Tuesday, March 22, 2016

Suicide, epilepsy drive early deaths in people with autism

By Louise Kinross

People with autism die decades earlier than the general population according to a disturbing study from Sweden.

The study, published in the British Journal of Psychiatry, found people with autism die on average 18 years earlier than peers without the condition. The study showed people with autism and intellectual disability die a shocking 30 years earlier, at about age 39.

For people with autism alone, the main cause of death was suicide. For people with autism and intellectual disability, the leading cause was epilepsy.

Swedish researchers analyzed data from two Swedish population-based registers. They included over 27,000 people with autism, of whom about 6,400 had intellectual disability, and more than 2.6 million people without autism matched for age, gender and county of residence.

On average, people with autism have a 2.5 times higher risk of premature death. Adults with autism and no intellectual disability were nine times more likely than peers to end their lives, with women being at particular risk.

I was unable to get a copy of the full study, but news reports say the underlying factors contributing to premature death may include restricted diet, less exercise, and increased social isolation, anxiety and depression. In addition, people with autism may struggle to explain their health symptoms, causing a delay in diagnosis and treatment.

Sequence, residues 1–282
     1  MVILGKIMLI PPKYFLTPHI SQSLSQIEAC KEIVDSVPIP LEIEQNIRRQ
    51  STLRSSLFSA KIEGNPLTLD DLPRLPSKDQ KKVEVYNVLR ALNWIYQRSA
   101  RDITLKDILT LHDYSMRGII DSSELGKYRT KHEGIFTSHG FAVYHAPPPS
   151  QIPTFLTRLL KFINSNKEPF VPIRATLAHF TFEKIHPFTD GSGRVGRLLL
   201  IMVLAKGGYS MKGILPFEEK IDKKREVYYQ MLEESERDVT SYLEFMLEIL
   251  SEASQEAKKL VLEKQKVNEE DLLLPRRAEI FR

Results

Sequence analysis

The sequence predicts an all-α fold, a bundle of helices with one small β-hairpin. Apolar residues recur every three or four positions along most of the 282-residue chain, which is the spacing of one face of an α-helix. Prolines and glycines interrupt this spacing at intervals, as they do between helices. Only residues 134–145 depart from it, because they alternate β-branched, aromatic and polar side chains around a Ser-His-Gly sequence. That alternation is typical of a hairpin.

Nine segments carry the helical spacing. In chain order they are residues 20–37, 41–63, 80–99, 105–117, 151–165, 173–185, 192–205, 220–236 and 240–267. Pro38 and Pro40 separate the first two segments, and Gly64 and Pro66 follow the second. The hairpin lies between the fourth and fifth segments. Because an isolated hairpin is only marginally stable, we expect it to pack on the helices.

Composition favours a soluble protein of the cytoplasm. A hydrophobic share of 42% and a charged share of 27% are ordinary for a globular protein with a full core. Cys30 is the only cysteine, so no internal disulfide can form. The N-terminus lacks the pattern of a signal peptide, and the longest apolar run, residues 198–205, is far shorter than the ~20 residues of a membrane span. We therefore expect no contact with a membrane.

This mirrors a British inquiry in 2013 that found women with intellectual disability (but not autism) died 20 years earlier on average than the general population and men with developmental disability (but not autism) died 13 years earlier.

British researchers said more than a third of the deaths studied could have been avoided with good health care—more than three times the proportion avoidable in the general population.

"Significantly more people with learning disabilities experience difficulties in having their illnesses diagnosed and treated," lead investigator Pauline Heslop says.

The non-profit Autistica in the UK announced that it will raise $10 million to better understand the reasons for the decades-long gap in life span.